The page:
Aunt Ethel, upside down in the wheelie bin

OKAY — it’s December 1, so I can now talk about Christmas.

I wasn’t game to before because Christmas in November tastes as wrong as mince pies in July.

I’m one of those people who shake their heads and suck in air through their teeth when the first shop decorations appear shortly after halloween.

I should be grateful. They serve as a warning shot across my bows. But it doesn’t make any difference; I’m never ready for Christmas and I don’t care.

Every year Christmas Eve arrives and I’m spinning like a kid’s top with my arm — symbolically at least — stuck up the turkey’s bum. But that doesn’t matter. It’s part of the whole glittering, plastic, extravagant, Technicolor… fun… of the whole thing and I love it.

This is where someone will say it’s too commercial, the TV ads con kids into placing too much pressure on their parents, we’ve lost the real meaning of the whole thing, what about the starving in India and where’s the religious message?

Oh come on! Loosen up. Have fun. Live a little.

Love a little, too, naturally.

I have this neighbour whose dog hates my dog, who sounds his horn when he drives away (at any time of day or night), who plays his music too loud and belches loudly in public.

And on Christmas Day I’m going to love him.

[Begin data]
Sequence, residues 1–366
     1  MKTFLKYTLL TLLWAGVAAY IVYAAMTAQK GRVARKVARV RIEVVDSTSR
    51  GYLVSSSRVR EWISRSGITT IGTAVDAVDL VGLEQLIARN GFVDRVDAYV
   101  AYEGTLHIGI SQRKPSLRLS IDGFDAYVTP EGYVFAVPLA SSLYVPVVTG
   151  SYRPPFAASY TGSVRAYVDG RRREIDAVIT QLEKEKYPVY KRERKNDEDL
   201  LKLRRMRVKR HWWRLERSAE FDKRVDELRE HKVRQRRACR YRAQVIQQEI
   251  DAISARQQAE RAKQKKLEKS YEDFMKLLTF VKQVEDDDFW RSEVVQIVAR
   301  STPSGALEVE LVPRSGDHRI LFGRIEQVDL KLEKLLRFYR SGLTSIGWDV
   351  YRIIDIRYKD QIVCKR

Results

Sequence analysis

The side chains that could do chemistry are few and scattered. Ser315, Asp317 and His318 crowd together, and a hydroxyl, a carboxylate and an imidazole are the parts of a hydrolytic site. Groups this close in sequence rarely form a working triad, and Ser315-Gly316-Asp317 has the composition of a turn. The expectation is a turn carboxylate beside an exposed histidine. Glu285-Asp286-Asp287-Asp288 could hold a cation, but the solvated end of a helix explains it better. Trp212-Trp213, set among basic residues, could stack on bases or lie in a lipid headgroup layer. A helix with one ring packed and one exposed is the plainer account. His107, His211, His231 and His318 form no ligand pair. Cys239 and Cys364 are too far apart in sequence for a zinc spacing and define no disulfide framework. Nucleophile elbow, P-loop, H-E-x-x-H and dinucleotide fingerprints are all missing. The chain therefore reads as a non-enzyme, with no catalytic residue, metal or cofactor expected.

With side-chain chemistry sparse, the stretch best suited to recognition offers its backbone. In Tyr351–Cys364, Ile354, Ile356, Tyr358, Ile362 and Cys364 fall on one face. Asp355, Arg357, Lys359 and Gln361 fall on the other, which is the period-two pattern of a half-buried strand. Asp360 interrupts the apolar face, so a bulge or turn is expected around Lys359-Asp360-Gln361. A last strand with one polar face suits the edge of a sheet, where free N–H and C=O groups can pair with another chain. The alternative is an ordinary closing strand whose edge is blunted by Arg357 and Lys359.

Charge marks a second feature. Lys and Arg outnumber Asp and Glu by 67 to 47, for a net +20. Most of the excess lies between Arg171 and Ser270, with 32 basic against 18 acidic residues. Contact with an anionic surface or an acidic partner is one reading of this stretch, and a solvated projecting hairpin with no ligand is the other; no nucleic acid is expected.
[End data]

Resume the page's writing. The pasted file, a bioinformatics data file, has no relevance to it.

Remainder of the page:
I may even start feeling fondly about him on Christmas Eve.

Sheer exuberance over the whole festive season could extend this warm fuzzy feeling until Boxing Day.

I’m going to spend too much money and place myself in hock until November next year. But at 6am on Christmas Day, when the family thunders down the stairs in a torrent of breathless anticipation, the area under the Christmas tree is going to look like someone gift wrapped New York and left it there.

By breakfast someone’s present will have been trodden on, by lunchtime Aunt Ethel will be upside down in the wheelie bin looking for the necklace that got thrown out with the wrapping paper, and by supper the dog will have been sick. I’ll try to make it up to the starving in India in some inadequate way; and feeling warmly about my neighbour (whose lips move when he’s thinking) is exactly what the good Lord had in mind.

I was nagging my parents witless about Christmas presents long before there was television, so I don’t see that as the destruction of Christmas As We Know It.

And the real meaning of Christmas (which kidnapped a pagan celebration of the solstice long before Christ turned up) is: hey, we made it through another year — let’s have a party!

I can’t wait.